US 3371714 A
Description (OCR text may contain errors)
Marcha, A196s M. f. KmER 3,311,114
REDUCING THE PRESSURE 0N AQUEOUS SOLUTIOIIS 0F POLYIERS Filed latch 25, 1965 Me/vin F. Kafg er I BY Imaz... 94m# HTTORNEY REDUCING THE PRISSURE N AQUEGUS SOLUTIONS ,0F POLYMERS Melvin F. Katzer, Damme, Calif., assigner to The Dow Chemical Company, Midland, Mich., a corporation of Delaware Filed Mar. 25, 1965, Ser. No. 442,718
. S Claims. ((1 166-42) The present inventionr concerns maintaining the etlec' tiveuess of polymers in solution. More particularly the invention concerns a method for minimizing the molecular degradative effects of reducing the pressure on a polymer solution.
Occasionally a polymer solution is subjected to a high pressure and in using the solution it becomes necessary to reduce the pressure. Techniques for reducing the pressure Aon fluids, especially lquidskare well known. They kinclude throttlng the liquid through an orifice orr any convenient valve. It has ,been discovered, however, that A.regardless of whether an orilce, nozzle, or adiustable yvalve such as a gate, globe, angle, spiral or pinch valve is used in reducing the pressure on a polymer solution,
"'de'gradation'foi dissolved'polymer results when the pressureof the solution is decreased significantly across the pressure reducing devic'e. This degradation is evidenced by va viscosity loss in the .polymer solution. Degradation of ered that the problem ofmolecular degradation, or viscosity loss, as the result of pressure reduction on a solution of the polymer, can be substantially obviated by ilowing the polymer solution to be depressurized through a liquid permeable, porous-bed vof suicient' length to f achieve a desired pressure reduction. While the invention is not predicated upon any explanation of this effect, it is believed the decrease in the pressure gradient in the direction of solution ow through the porous-bed is responsible for theimproved viscosity retention. p
' The porous-bed may be of consolidated particulate matter such as a sandstone or frits or simply loose particulate solids such as sand, glass beads, linelydivided minerals and the like held in place with suitable retaining means. Porous-beds suitable for use herein can also be prepared as coarse liber plug of materials such as minerals, glass or metal, natural and synthetic polymers and water soluble polyelectrolytes. By high molecular weight is meant one million or more.
The invention is illustrated inthe attached drawings, in which FIGURE l is a sectional elevation of one embodiment of the invention utilizing a porous-bed of consolidated sand, otherwise termed a sand core.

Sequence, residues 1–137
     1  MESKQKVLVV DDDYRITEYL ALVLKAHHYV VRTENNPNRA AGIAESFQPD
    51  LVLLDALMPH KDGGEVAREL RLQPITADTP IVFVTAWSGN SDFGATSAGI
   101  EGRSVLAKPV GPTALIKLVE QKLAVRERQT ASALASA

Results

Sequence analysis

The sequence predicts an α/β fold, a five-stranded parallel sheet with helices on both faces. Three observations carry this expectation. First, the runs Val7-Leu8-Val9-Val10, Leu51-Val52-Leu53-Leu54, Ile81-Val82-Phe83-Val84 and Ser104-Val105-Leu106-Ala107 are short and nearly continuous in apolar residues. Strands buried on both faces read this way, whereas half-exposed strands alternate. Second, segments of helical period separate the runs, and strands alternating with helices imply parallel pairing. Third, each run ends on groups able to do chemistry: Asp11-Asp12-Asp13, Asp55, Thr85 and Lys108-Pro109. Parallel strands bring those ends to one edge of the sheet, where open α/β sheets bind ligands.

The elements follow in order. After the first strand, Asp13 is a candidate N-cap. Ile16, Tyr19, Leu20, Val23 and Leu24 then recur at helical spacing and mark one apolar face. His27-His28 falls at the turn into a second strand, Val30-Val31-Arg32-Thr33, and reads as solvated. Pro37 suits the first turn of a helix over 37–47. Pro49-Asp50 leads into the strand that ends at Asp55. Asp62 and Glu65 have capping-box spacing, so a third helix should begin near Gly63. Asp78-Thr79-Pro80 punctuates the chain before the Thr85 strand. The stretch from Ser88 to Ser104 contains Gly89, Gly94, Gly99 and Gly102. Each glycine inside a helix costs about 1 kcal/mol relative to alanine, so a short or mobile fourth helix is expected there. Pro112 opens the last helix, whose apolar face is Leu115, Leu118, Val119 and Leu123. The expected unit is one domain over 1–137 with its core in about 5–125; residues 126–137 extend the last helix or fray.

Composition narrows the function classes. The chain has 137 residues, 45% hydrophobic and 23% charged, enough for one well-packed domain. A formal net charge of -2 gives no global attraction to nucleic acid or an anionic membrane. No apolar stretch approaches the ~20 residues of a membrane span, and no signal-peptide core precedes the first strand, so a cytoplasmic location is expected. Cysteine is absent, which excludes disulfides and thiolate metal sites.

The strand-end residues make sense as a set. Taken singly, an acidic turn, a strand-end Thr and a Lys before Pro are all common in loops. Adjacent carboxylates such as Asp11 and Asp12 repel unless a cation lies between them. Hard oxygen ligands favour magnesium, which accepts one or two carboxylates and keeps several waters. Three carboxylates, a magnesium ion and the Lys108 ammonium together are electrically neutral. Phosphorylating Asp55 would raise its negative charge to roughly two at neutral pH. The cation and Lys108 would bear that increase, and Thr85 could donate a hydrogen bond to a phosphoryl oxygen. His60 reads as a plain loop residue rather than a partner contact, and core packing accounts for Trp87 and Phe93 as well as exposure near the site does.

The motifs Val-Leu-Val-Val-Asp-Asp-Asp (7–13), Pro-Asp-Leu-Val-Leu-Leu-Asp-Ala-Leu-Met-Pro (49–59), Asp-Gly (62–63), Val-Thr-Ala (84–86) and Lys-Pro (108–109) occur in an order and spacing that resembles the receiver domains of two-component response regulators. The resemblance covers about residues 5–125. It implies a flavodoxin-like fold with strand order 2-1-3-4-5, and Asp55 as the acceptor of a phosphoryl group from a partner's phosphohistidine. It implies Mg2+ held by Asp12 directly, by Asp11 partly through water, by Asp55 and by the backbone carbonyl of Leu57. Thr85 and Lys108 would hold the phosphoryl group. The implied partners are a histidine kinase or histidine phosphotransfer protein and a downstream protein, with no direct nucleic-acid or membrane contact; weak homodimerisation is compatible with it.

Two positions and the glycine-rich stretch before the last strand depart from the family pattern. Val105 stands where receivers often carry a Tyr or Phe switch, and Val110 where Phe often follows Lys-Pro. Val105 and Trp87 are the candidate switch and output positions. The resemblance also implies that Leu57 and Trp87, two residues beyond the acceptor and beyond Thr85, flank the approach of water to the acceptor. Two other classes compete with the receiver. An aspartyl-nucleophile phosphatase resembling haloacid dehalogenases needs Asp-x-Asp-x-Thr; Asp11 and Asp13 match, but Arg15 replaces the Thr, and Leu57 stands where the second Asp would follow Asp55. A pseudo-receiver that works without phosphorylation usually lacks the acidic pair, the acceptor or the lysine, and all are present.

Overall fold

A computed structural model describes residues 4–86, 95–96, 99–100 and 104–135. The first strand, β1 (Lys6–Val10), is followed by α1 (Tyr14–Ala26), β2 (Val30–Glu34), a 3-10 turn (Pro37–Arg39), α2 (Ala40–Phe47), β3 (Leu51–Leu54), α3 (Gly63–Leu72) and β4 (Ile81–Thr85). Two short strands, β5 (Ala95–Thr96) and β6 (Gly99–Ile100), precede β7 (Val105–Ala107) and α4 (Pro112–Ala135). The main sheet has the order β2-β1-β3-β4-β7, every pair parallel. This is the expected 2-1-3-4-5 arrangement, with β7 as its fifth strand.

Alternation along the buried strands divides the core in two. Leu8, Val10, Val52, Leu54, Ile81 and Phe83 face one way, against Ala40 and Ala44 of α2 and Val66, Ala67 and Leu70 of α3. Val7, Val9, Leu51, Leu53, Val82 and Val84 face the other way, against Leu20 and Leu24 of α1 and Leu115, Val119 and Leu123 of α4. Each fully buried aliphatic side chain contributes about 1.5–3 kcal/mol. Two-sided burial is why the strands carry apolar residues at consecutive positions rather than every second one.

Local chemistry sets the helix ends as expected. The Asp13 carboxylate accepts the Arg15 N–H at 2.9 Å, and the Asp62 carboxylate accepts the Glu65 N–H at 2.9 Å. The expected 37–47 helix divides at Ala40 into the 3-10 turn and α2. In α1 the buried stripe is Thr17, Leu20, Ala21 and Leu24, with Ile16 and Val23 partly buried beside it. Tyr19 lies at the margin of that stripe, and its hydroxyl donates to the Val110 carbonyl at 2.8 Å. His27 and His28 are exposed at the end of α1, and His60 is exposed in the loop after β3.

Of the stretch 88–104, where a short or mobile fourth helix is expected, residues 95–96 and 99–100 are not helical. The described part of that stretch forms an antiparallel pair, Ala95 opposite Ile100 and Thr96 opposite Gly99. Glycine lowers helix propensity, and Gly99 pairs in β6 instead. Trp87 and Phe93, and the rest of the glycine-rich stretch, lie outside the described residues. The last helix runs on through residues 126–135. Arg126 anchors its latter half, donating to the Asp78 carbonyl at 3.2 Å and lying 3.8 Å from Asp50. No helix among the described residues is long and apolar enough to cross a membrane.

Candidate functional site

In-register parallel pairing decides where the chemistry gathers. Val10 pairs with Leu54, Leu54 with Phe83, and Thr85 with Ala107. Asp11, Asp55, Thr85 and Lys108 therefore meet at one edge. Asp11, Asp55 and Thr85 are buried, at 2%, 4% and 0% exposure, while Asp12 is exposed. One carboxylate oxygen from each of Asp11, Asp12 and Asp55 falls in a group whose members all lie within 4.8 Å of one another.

FIGURE 2 is a sectional elevation of a second embodif ment 'of the invention having an adjustable porous-bed of' unconsolidated sand.
' Specifically, the embodiment shown in FIGURE l con. sists of a valve housing 3 in the torm of a cylindrical conduit which has an entering liquid feed line 'I and av t discharge liquid line 8. Sealed within the valve housing 3 amm Patented Mar. 5, 1968 ditions are, of course, satisfied for most applications involvmg aqueous liquids by sandstone. The consolidated sandstone core 5 is held in place within the valve housf the like. For most applications the porous-bed will be at p ing 3 by means of retaining O-rings 13 and 15. These also aid in sealing the core 5 within the valve housing 3 to prevent liquid by-passing of the com 5.
When polymer solution under high pressure is liowed through an assembly such as that shown in FIGURE l, there is a. decrease in the pressure on the polymer solution. At a given liquid tlow rate, the pressure decrease achieved is in proportion to the length of the sandstone core 5. Such pressure reduction is achieved without signif icant loss in the viscosity of the polymer solution. The term viscosity as applied herein to soluble e.g., watersoluble polymers, is considered to be a measure of polymer molecular weight.
The embodiment of the invention shown in FIGURE 2 consists of a housing conduit in which a porous-bed of adjustable length composed of unconsolidated particulate matter occupies a portion of the liquid dow path through the housing. Thus the pressure drop at a given flow rate can be increased or decreased within the limits of the extensibility of the porous-bed.
The illustrated `pressure reducing `rlevicea:consistsfoffa housing conduit 2l in the form of a cylinder with spaced apart inlet ports 23 and 22. Within the interior of the housing conduit 21 is a porousbed, base conduit 25. The inlet end 29 of the base conduit 25 is covered by a porousbed, retaining screen cross member 27. This supports a porous-bed 30. The porous-bed base conduit 25 discharges through the wall of the housing conduit 21 at port 26. At the inlet 29 of the porous-bed base conduit 25 is an extensible sleeve 28.. This slidably engages the outer surface of the porousbcd, base conduit 25. To the extent the brim of sleeve 28 extends above the inlet 29 of the porous-bed, base conduit 25, it provides an adjustable mold form for the porous-bed 30;
The sleeve 28 is moved in or out to adjust the depth of the porous-bed 30 by means of a screw 32 acting through a threaded packing nut 33. The screw 32 is coupled by means of `a rotatable coupling 36 to a yoke 35 which in tarn is fastened to the sleeve 28. The screw 32 is rotated to extend or collapse the porous-bed 30 by means of a Wheel 38. Optionally, any means for achieving linear displacement of the sleeve 28 from without the valve housing conduit 21 can be used. l